In 2017 we reported on the work we’ve been doing with the Skills Network in south London to nurture less siloed communities in the context of the post-Brexit debate. Reactions to that article encouraged us to go one step further in deepening our learning with other groups trying to build collective forms of support and social justice. For most people divisive rhetoric isn’t new; they’ve been developing ways to counter it for years. Here are three more lessons from our experience.
1. We have more in common than divides us, but our situations are never equal.
”You’ve got to remember when you bring all these people together in the beginning…they’ve got to have someone to shout at…Both sides have got to be equal. It’s got to be a level playing field otherwise it doesn’t work…(to do this) you need to create a ‘them and us’ situation...But the goal is to work towards the ‘us.’” (Steve Scott, long-term Groundswell activist)
When we started Skills Network we were keen to focus on our shared experiences and values. We wanted the space to feel safe and positive, to ‘enact’ our ideal world, so we played down differences between us. But as we developed as a cooperative, frustrations at these differences came out in unexpected, sometimes disruptive ways, forcing us to think about more explicit ways to confront them.
The reality is that there are inequalities between people—financial and in terms of status, confidence to voice opinions, general life opportunities and expectations. These differences are often internalised, glossed over by well-meaning attempts to ‘bridge divides’ and ‘build communities.’ It’s difficult to get the balance right between acknowledging them and letting them define the group, but some groups manage this balancing act better than others.
Groundswell, for example, facilitates peer-to-peer support and advocacy around homelessness, and for many years has been training local councils and other organisations in user involvement. The organisation started in the 1990s as a movement "very explicitly campaigning for the homeless and roofless–engaging with people who were having those experiences and following their agenda" as Simone Helleren from Groundswell puts it. Over time it grew into a network of smaller groups doing localised ‘self-help’ which started to advocate for more fundamental changes to policies and attitudes around housing.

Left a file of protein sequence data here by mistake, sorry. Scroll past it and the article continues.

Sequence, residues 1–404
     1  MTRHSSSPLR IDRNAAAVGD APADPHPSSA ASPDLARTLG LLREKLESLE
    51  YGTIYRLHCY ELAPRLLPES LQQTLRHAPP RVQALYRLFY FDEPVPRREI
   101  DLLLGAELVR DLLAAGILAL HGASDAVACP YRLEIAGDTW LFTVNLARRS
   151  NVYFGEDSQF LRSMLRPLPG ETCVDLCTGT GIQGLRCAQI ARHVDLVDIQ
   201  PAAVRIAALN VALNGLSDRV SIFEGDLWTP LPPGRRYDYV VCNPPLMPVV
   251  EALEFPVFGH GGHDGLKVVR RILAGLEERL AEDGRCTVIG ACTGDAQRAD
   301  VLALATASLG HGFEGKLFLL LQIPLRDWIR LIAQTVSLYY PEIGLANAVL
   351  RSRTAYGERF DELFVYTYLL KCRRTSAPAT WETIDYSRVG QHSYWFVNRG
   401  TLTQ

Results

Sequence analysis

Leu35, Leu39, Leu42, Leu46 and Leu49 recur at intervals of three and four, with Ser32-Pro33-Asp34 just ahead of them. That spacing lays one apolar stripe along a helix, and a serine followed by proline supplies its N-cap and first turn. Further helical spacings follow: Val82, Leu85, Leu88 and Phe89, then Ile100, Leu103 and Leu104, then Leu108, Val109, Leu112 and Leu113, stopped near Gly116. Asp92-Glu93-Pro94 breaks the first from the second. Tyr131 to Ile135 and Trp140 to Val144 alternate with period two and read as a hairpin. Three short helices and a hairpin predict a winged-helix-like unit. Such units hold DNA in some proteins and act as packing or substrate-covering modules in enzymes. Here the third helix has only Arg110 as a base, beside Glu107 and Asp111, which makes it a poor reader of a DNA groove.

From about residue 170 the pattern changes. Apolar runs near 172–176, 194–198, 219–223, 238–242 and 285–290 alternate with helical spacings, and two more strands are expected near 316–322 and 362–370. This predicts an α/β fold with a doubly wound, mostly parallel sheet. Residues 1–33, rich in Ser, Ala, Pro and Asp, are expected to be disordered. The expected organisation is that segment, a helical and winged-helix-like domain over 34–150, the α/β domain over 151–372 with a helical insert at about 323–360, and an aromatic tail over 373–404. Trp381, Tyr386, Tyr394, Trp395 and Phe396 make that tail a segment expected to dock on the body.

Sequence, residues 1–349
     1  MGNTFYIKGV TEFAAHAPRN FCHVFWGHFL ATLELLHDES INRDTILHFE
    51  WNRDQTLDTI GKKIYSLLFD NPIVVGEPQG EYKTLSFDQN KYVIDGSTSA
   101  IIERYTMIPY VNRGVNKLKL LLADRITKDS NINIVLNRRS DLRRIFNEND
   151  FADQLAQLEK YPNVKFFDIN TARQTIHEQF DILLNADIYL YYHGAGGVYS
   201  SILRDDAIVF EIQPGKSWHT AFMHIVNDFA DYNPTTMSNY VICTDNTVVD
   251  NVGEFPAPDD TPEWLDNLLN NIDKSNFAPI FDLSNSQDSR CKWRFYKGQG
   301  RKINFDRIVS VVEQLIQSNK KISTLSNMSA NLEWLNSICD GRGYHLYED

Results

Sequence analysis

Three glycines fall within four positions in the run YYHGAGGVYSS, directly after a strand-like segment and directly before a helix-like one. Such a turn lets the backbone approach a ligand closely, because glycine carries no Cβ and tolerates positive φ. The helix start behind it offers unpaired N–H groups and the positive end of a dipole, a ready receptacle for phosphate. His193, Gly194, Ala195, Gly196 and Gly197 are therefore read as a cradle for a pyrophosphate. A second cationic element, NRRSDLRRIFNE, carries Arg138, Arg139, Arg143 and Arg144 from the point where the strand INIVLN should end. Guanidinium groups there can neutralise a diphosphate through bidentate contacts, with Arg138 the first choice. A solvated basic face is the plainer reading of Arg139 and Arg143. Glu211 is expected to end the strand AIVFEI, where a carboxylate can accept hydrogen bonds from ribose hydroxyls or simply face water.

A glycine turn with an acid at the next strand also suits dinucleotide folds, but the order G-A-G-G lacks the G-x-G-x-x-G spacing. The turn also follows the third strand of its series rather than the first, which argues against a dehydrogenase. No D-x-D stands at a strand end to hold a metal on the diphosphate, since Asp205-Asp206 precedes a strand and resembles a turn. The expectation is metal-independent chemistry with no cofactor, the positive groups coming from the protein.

Groundswell recognised the crucial importance of taking the knowledge and anger of people at the sharp end of inequality seriously. The group pioneered the ‘Speakout’ model which brought together self-help groups, people experiencing homelessness, and people working in the sector to learn from each other through workshops and debates. These events brought homeless people into direct dialogue with policymakers and gave them an opportunity to express their opinions.
Allowing space for those who had experienced homelessness to share their feelings with those responsible for making and implementing housing policy helped the group to move past these divisions and laid the groundwork for years of productive collaboration. Over time speakouts evolved into citizens’ juries which were at the centre of the group’s radical inquiry into UK housing policy: the Homeless People’s Commission. The key was to confront, not suppress, the injustices and inequalities that divide people, and to build connections and communities that eventually overcame them.
2. Create frameworks that recognise we all have things to give and take.
“The difference between traditional charity and timebanking? It’s the power thing, isn’t it? It’s more equal. You get to feel good about yourself by giving and remembering ‘oh yeah I am actually quite good at things.’ And you get help back as well -rather than one set of people are always the givers and then the other lot are the passive beneficiaries.” (Alison Paule, Paxton Green Timebank Coordinator).
We initially thought at Skills Network that a flat pay-rate and shared decision-making would ensure everyone’s contributions felt equally valued. But ‘conventional’ hierarchies kept creeping into our dynamics. Searching for learning from other organisations in South London, we discovered Rushey Green and Paxton Green Timebanks. The timebanking movement seeks to create ‘operating systems’ which consciously facilitate exchange and support in a way that makes clear that “nobody is better than anybody else.” They do this by focusing on ‘proactive’ time as the principal unit of currency.
For every hour participants ‘deposit’ in a timebank they can ‘withdraw’ the equivalent in support when they need something—“ironing or accounting…an hour is an hour.” In this context being ‘in need’ is not stigmatizing or shameful—it’s a normal part of everyone’s life.